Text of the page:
We need look no further than this to see why Americans are so completely disgusted with the whole political process. Without honesty there can be no trust. Without trust, there is no opportunity for the democratic form of governance to continue.

Process check: If you read this and see it as polemic in favor of the rights of children, please read it again. It is an argument in support of honest political discourse. This article could have been written with the federal budget, health care, educational funding, judicial activism or food safety labeling as the backdrop.


The One That Got Away: The Story of the $8.2 Trillion Vote

A study of the National debt over the last thirty years proves that our Representatives are not responsible enough to continuing governing without the rules of the game being changed. Though much belabored, it bears repeating that the National Debt did not break the one trillion dollar threshold until the year 1982 and not until the fiscal year 2002 did it break six trillion. From 2002 to 2010 it more than doubled from $6.25 trillion to over $13 trillion dollars.

Changing the rules of the game in this case means the passing of some form of a balanced budget amendment to the Constitution. This is far from a new idea and most people, especially newcomers to the world of politics, would be shocked at how close we have come, even recently, to achieving it. In the 90s alone constitutional amendments involving balancing the budget came to serious Congressional votes at least once in six different years—1990, 1992, 1994, 1995, 1996, and 1997. In ‘92, ‘94, and ‘97 the Balanced Budget Amendment came up only a handful of votes short of achieving the two-thirds majority needed in both Houses.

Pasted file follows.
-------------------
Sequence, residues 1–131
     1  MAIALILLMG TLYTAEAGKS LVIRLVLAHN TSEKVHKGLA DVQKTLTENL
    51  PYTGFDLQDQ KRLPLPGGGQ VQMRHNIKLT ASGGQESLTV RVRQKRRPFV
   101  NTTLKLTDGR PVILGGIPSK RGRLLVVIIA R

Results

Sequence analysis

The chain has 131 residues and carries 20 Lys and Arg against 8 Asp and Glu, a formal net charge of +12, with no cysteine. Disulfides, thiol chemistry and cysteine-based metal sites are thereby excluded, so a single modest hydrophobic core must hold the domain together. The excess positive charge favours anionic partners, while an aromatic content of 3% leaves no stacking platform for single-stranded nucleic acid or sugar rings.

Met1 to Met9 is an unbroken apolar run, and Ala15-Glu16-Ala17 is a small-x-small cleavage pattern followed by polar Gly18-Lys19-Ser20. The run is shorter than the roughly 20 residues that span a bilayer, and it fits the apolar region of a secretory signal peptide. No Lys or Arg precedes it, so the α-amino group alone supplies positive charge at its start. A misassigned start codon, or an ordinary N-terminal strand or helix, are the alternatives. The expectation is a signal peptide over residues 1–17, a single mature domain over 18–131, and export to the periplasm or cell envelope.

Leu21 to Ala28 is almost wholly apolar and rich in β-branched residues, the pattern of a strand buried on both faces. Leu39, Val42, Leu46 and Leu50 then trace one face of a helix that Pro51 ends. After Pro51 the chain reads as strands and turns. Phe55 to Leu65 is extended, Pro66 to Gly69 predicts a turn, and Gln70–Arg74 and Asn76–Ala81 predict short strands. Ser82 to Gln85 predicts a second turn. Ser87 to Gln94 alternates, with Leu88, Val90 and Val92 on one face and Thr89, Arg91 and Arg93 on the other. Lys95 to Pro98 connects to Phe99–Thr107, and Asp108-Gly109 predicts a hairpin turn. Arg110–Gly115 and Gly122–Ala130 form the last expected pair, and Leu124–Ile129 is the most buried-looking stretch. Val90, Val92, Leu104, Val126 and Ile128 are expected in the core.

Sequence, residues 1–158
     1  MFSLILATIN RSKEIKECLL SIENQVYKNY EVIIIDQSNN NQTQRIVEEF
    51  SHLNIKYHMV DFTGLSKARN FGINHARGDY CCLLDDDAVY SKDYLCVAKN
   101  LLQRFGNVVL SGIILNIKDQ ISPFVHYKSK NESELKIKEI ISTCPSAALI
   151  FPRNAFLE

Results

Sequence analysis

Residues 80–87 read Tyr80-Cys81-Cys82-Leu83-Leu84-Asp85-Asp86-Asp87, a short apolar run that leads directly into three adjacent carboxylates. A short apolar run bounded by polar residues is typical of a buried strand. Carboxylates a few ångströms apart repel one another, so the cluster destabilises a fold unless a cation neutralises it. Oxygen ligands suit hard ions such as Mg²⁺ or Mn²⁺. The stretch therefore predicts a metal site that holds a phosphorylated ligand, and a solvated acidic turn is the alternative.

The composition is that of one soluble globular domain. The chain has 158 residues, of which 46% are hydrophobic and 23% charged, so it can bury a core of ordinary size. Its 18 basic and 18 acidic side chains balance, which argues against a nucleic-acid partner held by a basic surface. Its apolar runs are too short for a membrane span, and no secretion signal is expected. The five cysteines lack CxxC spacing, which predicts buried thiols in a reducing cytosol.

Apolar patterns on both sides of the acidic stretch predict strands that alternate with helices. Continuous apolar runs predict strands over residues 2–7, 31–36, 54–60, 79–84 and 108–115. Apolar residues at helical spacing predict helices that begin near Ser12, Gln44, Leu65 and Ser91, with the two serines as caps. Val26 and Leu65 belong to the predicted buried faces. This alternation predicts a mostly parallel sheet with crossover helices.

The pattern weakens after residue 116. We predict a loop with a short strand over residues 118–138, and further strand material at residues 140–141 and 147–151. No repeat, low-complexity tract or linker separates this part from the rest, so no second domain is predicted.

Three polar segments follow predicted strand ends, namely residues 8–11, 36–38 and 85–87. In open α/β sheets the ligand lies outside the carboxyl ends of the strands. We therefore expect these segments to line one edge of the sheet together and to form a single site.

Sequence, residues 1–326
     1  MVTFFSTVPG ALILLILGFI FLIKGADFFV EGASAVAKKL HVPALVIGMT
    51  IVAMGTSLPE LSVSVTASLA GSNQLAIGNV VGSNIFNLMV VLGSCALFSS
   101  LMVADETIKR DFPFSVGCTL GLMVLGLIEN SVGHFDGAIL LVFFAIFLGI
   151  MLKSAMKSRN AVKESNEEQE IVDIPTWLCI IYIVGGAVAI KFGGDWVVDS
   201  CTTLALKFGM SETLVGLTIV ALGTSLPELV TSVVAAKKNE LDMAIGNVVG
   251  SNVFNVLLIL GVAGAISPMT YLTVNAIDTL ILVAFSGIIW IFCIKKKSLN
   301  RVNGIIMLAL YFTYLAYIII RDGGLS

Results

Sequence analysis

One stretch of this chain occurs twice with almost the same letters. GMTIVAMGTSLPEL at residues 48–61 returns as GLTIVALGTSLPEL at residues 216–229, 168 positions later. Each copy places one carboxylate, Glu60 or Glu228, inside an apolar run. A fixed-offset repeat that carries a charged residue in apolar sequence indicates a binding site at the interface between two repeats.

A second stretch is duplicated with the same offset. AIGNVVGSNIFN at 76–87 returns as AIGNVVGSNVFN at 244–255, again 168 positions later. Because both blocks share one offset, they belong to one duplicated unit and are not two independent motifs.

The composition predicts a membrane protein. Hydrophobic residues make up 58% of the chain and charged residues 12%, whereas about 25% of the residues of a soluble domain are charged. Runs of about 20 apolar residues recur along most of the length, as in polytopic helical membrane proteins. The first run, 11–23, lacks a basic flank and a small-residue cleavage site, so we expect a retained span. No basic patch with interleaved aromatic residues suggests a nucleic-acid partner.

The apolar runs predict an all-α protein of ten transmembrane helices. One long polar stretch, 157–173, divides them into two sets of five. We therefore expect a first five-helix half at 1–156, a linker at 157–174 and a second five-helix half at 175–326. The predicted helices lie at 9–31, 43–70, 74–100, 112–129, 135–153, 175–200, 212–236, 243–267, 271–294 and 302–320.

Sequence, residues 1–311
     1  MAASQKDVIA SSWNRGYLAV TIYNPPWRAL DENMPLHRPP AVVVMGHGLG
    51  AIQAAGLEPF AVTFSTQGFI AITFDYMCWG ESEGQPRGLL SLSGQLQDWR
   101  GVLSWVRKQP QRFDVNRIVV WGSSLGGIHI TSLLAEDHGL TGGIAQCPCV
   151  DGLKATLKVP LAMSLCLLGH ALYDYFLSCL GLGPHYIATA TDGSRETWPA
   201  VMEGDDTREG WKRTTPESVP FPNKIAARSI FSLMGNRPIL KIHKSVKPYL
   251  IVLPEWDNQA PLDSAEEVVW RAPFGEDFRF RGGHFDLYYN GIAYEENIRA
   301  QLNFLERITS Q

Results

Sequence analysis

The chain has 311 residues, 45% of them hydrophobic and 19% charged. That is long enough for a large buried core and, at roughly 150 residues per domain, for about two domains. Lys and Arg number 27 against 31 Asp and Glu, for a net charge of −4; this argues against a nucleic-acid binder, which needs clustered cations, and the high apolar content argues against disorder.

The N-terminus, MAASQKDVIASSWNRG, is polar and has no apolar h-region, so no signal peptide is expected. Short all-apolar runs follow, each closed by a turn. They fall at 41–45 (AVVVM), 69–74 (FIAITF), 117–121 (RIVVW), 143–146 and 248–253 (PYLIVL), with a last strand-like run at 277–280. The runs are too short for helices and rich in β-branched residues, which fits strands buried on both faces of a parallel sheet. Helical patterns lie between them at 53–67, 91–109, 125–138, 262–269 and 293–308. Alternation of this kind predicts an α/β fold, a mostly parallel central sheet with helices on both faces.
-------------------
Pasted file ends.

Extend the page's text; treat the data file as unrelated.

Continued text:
Without getting too much into the weeds it is significant to note that the amendment in 1992 was sponsored by a Democrat—Charles Stenholm of Texas. In the House it garnered 116 of its 280 yes votes from Democrats with only 3 of its 153 no votes coming from Republicans (2) and Independents (1). One of the two attempts at passage in 1997 (S.J Res.12), though excluding Social Security, was not only sponsored by North Dakota Democrat Byron Dorgan but was shockingly co-sponsored by both Diane Feinstein and Harry Reid. In light of their recent attitudes and votes on spending one can only guess at the numbers of skins each has had to shed to evolve their position from then to now.